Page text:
February 3, 2020
Sex Ed Hour!
Realistically speaking, the only reason one wouldn’t want kindergarten kids to receive education in the sexual arts would be to keep them unempowered and easy to control.
After all, knowledge is power.
Parents in the state of Washington are fighting a Democrat bill that would mandate LGBTQ-focused sex ed for children, including kindergartners.
Democrats in the State House are pushing House Bill 2184, a measure that would mandate “comprehensive sexual health education” by the year 2022.
Informed Parents of Washington, a group that describes itself as “a coalition of parents dedicated to fighting Comprehensive Sexxx [sic] Education in our schools and legislation that imposes upon parental rights,” is warning parents about the dangers of the legislation.
The Democrat narrative behind the legislation is that such a bill would establish “equity,” i.e., equal access to sexual health information, especially with regard to the topics of “affirmative consent” and the needs of LGBTQ students.
A work group composed of 16 women that reviewed K–12 sex ed provisions in the state concluded in its final report that “members agree all students would benefit from K–12 comprehensive sexual health education.”
There’s something deeply unsettling about describing a group of 16 women as a “work group.”
The conclusion, however, was reached after the Washington Office of Superintendent of Public Instruction (OSPI) conducted a survey about the issue and received more than 10,000 responses, nearly three-fourths of which came from females. Ironically, the work group found 58 percent of survey respondents said comprehensive sexual health education (CSHE) should not be required in grades K–12, and 42 percent said that it should be required.
According to the Democrats’ proposal, called “Rights, Respect, Responsibility: A K-12 Curriculum” (3Rs), kindergartners would learn about the proper names for body parts, but only after a “note on language” clarifies that biology is subservient to gender identity.
“You will notice that this lesson refers to ‘girls’ and ‘boys’ and ‘male’ and ‘female’ when identifying body parts,” states the note to teachers. “Lessons in higher grades use more precise language and begin to introduce a broader concept of gender.”
With the aid of a PowerPoint presentation, teachers are instructed to tell the young children:
Most girls have a vulva, which is the name for the area between the legs. The vulva describes the whole area including the small hole where urine or pee comes out called the opening to the urethra, the hole below that, which is a little bigger and is called the vagina that is used when a female has a baby, and the hole below that where a bowel movement, or poop, comes out called the anus. So a person with a vulva has three holes between their legs and a very sensitive little area at the top called the clitoris.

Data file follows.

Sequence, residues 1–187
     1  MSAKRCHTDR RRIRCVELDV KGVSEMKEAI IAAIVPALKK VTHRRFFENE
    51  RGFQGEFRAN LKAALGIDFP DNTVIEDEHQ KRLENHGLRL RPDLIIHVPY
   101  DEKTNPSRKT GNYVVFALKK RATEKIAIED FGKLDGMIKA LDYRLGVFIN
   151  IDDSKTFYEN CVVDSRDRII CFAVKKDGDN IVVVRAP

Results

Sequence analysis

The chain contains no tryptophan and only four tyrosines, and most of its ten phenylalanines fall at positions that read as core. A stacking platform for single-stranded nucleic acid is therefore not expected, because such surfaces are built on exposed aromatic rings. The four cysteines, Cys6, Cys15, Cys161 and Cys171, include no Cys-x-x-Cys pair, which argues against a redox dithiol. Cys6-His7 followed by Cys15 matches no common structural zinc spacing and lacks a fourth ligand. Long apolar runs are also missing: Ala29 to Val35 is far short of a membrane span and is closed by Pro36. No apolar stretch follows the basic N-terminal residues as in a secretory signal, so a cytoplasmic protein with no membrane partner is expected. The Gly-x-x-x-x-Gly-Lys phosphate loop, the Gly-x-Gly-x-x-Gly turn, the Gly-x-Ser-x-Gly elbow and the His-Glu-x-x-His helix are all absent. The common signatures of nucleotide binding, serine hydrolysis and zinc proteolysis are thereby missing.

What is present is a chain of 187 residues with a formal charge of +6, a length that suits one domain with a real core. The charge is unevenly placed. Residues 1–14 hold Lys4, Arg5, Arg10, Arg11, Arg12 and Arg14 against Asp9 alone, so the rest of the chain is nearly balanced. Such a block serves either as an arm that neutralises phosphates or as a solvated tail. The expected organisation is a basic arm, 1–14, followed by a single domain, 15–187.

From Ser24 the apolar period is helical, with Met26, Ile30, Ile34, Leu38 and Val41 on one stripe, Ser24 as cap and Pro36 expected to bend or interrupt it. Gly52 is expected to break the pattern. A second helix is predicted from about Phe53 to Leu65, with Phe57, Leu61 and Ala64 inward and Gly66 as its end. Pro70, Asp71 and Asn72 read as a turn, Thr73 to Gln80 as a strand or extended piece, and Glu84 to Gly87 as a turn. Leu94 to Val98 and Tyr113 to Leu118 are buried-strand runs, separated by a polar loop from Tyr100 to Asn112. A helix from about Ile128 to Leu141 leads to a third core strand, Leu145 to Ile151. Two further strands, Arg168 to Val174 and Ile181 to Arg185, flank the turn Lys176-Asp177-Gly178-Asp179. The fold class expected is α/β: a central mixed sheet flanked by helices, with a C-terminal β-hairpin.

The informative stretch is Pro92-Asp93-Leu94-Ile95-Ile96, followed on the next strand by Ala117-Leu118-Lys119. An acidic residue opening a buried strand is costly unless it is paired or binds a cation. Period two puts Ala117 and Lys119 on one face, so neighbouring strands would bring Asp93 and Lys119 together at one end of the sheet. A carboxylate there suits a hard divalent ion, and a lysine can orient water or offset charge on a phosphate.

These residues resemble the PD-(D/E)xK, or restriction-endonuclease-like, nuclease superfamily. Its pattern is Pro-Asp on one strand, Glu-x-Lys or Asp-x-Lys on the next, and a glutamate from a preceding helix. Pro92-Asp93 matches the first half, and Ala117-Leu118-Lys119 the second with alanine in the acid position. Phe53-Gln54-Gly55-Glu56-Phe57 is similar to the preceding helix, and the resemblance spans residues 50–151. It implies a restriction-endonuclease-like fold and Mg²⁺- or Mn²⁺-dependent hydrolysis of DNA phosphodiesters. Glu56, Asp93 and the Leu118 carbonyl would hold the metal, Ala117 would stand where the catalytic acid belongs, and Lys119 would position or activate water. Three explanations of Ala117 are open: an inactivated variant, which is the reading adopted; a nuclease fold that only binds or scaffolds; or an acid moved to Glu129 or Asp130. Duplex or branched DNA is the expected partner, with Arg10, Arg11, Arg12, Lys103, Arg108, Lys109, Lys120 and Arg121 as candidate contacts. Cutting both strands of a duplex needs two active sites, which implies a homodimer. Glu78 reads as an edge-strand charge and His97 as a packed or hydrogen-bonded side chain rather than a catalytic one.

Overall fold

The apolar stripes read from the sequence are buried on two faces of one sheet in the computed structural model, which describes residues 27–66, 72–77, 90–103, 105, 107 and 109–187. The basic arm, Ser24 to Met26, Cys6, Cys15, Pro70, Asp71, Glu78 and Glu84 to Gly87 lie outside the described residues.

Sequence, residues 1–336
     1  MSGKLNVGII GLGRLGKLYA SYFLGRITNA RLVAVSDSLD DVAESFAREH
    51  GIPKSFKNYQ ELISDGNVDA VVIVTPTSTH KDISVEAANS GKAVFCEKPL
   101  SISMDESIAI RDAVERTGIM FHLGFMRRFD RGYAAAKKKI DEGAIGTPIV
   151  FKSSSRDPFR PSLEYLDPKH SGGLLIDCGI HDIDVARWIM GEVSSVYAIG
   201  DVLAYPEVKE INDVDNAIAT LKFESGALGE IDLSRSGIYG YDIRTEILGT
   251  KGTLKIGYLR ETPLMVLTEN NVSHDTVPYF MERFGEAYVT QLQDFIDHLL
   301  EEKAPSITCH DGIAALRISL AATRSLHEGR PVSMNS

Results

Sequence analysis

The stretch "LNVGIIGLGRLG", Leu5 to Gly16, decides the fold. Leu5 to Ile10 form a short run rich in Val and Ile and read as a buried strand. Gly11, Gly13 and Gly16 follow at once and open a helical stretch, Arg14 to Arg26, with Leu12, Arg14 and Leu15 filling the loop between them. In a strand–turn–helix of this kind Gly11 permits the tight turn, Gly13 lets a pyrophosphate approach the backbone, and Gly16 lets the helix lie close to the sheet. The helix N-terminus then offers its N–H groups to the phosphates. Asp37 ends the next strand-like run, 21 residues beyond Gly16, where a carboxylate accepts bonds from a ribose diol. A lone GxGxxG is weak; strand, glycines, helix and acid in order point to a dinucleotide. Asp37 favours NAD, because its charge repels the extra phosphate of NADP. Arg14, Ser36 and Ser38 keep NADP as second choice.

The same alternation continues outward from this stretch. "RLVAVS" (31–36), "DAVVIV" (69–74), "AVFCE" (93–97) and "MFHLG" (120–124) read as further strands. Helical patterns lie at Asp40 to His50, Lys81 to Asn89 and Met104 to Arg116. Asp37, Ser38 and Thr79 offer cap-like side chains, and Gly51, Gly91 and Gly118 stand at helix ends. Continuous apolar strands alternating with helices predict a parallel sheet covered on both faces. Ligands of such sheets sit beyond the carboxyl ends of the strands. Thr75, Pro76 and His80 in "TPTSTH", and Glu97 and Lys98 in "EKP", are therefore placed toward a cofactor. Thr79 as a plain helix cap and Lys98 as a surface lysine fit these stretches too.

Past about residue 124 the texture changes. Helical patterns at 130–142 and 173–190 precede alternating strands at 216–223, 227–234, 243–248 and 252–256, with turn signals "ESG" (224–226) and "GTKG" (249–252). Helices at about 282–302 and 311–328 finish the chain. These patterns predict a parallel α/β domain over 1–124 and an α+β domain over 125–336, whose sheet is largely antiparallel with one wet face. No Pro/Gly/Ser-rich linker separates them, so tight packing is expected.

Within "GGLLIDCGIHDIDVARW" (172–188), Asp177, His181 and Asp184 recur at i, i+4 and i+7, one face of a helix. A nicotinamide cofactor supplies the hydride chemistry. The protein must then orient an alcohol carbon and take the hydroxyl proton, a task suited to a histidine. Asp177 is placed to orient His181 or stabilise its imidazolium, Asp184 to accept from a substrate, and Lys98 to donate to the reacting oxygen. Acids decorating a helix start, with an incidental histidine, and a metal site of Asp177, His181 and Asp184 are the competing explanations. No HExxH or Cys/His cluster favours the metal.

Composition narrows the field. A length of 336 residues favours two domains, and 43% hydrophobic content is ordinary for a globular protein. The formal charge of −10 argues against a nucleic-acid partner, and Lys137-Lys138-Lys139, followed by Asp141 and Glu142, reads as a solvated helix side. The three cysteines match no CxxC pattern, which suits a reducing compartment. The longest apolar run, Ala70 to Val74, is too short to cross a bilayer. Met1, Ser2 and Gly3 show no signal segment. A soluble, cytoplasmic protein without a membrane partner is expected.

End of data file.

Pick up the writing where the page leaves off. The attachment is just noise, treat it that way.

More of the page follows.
Yes, most girls have a vulva — for now — but some have a penis and a pair of testicles.
Some other girls also have a vulva, albeit one made out of a penis and a pair of testicles.
Most boys have a penis between their legs which they use to urinate or ‘pee.’ Some boys have a foreskin, which is a piece of skin that covers the end of the penis and some boys do not. A boy also has a hole where a bowel movement, or poop, leaves the body called an anus, just like a girl.
In the proposal, first graders would begin to learn about gender roles. Teachers are instructed to read My Princess Boy prior to the lesson and then ask the children:
“Does the job a person has, or what they wear mean the person is a man or woman?” (No) “Do the activities someone likes to do for fun or what they wear mean they are a boy or a girl?” (No)
Yes, some boys have a complete penis, others are missing their foreskin, and others have a fake penis.
The only scientific, empirical, and current way of knowing whether someone is a man or a woman is to just ask that person, because really, there’s no way for you to know otherwise.
Someone may not even identify as a man or a woman though, and might even identify as a book… and you know what they say about judging a book by its genitals.